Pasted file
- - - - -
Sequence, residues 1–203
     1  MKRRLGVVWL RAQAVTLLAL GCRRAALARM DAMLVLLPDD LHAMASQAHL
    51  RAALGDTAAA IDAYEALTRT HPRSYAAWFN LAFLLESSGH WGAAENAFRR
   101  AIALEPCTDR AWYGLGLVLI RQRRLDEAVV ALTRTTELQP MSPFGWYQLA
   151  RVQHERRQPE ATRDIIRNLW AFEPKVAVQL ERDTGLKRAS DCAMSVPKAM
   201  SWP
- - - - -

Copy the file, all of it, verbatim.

Sequence, residues 1–203
     1  MKRRLGVVWL RAQAVTLLAL GCRRAALARM DAMLVLLPDD LHAMASQAHL
    51  RAALGDTAAA IDAYEALTRT HPRSYAAWFN LAFLLESSGH WGAAENAFRR
   101  AIALEPCTDR AWYGLGLVLI RQRRLDEAVV ALTRTTELQP MSPFGWYQLA
   151  RVQHERRQPE ATRDIIRNLW AFEPKVAVQL ERDTGLKRAS DCAMSVPKAM
   201  SWP